Dyson Daniels has always been a prodigious talent, but traveling to the United States to play in a league full of NBA talent as a teenager is a daunting task for anyone.
The Bendigo product joined an exclusive club of Australians by being selected at the top of the NBA Draft on Friday, chosen at No. 8 by the New Orleans Pelicans.
But it was a tough road to the top, as his G League coach Jason Hart revealed.
Daniels went to the United States to get the real experience of playing against standard NBA baseball players and signed up for the Ignite, a team of up-and-coming young players who give up their amateur status and the opportunity to play college ball with the aim of being fast-followed in the world’s greatest competition.
Daniels shakes hands with NBA commissioner Adam Silver after being selected number eight overall by the New Orleans Pelicans
But despite his best efforts and training, Daniels couldn’t start. He hit rock bottom in a loss to the Iowa Wolves where the guard could only pick up three points, two assists and a lone rebound to go along with his three turnovers.
Hart knew he was frustrated but persisted with the Aussie talent knowing his response would be the making of him.
“I’m not going to take you out every time you make a mistake…the Ignite program is specifically for these young guys, so we had to put him through the hurdle of being confident in his abilities,” he said. he declares.
The turning point came against Salt Lake City when Daniels hit the game-winning three-pointer and then screamed his emotion to the crowd.
“He screams, he screams. That’s what I was trying to bring out of Dyson – that day-to-day aggression, that style of face-to-face play. It’s what you need to survive in the NBA,” Hart said.
“If you don’t play with that chip on your shoulder or that confidence, you’re not going to make it in the NBA. So I thought all of his body language after taking that picture was indicative of where he started, where he was going, and where he was done now.
Daniels scored the winning hat-trick against Salt Lake City twice in the 2021 G League season
Pelicans general manager Trajan Langdon says while there’s a lot of talent on offer in lottery picks, Daniels has always been their No. 1 priority.
“There were a few guys…we liked to go earlier, a few guys we liked went after, but Dyson was the guy,” he said.
‘It was a little nervous in the room during [selection] seven, because we know Portland loved him too. So there was a chance that they took him at age seven.
‘When they took Shaedon [Sharpe] the room exploded.
“He was our guy from the start, I thought he would be fine and we think over time he could be a good choice here alongside the players we have.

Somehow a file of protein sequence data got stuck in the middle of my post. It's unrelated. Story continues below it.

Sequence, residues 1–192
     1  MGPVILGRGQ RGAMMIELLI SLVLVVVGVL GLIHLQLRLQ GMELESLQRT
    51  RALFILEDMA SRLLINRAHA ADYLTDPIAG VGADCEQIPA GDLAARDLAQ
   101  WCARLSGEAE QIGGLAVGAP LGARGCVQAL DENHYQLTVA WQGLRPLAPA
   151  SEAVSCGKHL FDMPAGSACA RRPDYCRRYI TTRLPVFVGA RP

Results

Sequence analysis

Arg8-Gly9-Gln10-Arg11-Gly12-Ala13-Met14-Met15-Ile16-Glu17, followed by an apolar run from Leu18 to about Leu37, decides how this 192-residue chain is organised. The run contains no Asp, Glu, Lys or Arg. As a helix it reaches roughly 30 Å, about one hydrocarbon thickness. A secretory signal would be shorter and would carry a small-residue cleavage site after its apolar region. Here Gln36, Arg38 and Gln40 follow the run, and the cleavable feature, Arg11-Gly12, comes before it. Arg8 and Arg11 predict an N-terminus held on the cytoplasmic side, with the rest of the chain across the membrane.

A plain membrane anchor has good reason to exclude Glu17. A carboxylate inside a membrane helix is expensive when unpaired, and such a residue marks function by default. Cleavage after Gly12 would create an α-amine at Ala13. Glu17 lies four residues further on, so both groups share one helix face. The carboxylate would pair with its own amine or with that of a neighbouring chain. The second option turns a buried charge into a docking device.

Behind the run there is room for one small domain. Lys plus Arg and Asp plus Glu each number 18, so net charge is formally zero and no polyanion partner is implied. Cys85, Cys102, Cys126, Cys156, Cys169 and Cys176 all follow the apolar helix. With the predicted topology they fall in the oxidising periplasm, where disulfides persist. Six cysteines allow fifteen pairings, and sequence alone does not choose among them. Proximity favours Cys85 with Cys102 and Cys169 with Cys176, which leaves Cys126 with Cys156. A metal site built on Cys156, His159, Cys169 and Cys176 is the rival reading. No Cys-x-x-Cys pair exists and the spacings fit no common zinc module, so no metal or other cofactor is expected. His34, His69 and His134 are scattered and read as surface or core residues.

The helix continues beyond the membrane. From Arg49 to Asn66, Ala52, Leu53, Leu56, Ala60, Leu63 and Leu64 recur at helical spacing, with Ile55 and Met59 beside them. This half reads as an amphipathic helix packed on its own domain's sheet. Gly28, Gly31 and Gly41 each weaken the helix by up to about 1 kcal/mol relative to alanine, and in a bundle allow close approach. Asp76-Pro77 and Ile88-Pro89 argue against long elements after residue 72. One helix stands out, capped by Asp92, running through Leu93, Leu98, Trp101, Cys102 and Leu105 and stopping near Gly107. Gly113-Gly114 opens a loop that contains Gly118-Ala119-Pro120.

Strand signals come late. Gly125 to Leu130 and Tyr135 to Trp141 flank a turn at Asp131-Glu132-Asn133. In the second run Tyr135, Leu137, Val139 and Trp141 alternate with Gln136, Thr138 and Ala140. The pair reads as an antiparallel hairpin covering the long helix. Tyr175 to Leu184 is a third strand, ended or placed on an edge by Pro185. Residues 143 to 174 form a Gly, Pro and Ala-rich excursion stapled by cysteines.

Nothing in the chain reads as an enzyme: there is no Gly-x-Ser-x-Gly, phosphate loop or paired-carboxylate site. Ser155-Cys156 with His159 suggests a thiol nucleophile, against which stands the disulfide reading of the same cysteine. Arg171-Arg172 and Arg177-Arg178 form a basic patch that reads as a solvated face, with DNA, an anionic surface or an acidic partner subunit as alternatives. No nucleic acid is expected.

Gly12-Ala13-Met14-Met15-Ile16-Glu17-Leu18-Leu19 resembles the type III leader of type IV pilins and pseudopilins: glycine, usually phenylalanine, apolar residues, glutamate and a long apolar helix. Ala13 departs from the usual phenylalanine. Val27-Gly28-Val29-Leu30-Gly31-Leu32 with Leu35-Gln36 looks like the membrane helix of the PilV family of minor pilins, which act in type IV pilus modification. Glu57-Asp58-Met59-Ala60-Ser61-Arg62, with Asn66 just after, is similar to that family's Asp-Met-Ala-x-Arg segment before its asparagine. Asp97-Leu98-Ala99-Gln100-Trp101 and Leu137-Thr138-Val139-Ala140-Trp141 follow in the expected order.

“Obviously he’s very young but he’s going to grow and he’s going to be a great player in this league.”
Daniels made his international debut for Australia’s Boomers when he was just 17
Daniels himself has vowed to play “the Australian way” in the NBA.
“It’s all about toughness, bringing the heart and the hustle, playing hard on defense, you know, being physical,” he explained.
“For me, it starts defensively. So being able to get people out of what they want to do by being physical.
“Then on the attacking side, creating for me and my teammates.
‘On the offensive side, I would say someone like [Indiana Pacers guard] Tyrese Haliburton or [Chicago Bulls guard] Lonzo Ball, I think those are good comparisons,” he said.
“They are good playmakers, good finishers.
‘Then defensively I like to watch [Philadelphia guard] Mikal bridges and [Chicago Bulls guard] Alex Caruso.’
Family means everything to Daniels and they were present at the Barclays Center in New York for the announcement
Ben McCauley of the Bendigo Basketball Association played a key role in Daniels’ journey to the top, having first coached him with the Braves’ under-12 program.
“Dyson is a cute kid who comes from a big family and he deserves everything that’s happening to him,” McCauley said.
“He has worked hard from day one and there is no doubt that the Pelicans can now add around 100,000 Bendigo supporters to their fan-base.”
“There’s definitely a trip on the cards to watch it in person.”
Daniels was a talented youngster playing for the Bendigo Braves in the Victorian competition
Ben Harvey, Bendigo Stadium’s general manager, has also been there every step of the way, including playing alongside Daniels’ father, Ricky, with the Braves.
“Honestly, it’s surreal,” Harvey said.
“I couldn’t be happier for Dyson and the Daniels family…to know that a kid from Bendigo has used our path to reach the highest level of basketball is such an achievement.”